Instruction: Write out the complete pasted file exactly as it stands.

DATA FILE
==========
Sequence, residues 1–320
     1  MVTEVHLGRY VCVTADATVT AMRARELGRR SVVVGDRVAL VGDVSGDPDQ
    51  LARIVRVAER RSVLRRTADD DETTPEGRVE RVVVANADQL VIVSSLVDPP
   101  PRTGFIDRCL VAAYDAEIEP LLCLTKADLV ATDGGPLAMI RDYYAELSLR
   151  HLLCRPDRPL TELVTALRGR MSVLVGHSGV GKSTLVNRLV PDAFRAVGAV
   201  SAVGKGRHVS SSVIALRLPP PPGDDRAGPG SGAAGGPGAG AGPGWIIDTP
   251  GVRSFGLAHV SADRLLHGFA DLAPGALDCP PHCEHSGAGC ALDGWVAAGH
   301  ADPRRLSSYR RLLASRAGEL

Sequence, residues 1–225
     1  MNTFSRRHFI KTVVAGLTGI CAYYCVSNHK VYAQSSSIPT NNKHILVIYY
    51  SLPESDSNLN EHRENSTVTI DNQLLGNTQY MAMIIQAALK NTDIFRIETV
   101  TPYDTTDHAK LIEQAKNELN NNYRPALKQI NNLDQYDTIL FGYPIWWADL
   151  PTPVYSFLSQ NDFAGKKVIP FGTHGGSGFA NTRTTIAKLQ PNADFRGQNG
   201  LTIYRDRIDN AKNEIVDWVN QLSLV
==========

Sequence, residues 1–320
     1  MVTEVHLGRY VCVTADATVT AMRARELGRR SVVVGDRVAL VGDVSGDPDQ
    51  LARIVRVAER RSVLRRTADD DETTPEGRVE RVVVANADQL VIVSSLVDPP
   101  PRTGFIDRCL VAAYDAEIEP LLCLTKADLV ATDGGPLAMI RDYYAELSLR
   151  HLLCRPDRPL TELVTALRGR MSVLVGHSGV GKSTLVNRLV PDAFRAVGAV
   201  SAVGKGRHVS SSVIALRLPP PPGDDRAGPG SGAAGGPGAG AGPGWIIDTP
   251  GVRSFGLAHV SADRLLHGFA DLAPGALDCP PHCEHSGAGC ALDGWVAAGH
   301  ADPRRLSSYR RLLASRAGEL

Sequence, residues 1–225
     1  MNTFSRRHFI KTVVAGLTGI CAYYCVSNHK VYAQSSSIPT NNKHILVIYY
    51  SLPESDSNLN EHRENSTVTI DNQLLGNTQY MAMIIQAALK NTDIFRIETV
   101  TPYDTTDHAK LIEQAKNELN NNYRPALKQI NNLDQYDTIL FGYPIWWADL
   151  PTPVYSFLSQ NDFAGKKVIP FGTHGGSGFA NTRTTIAKLQ PNADFRGQNG
   201  LTIYRDRIDN AKNEIVDWVN QLSLV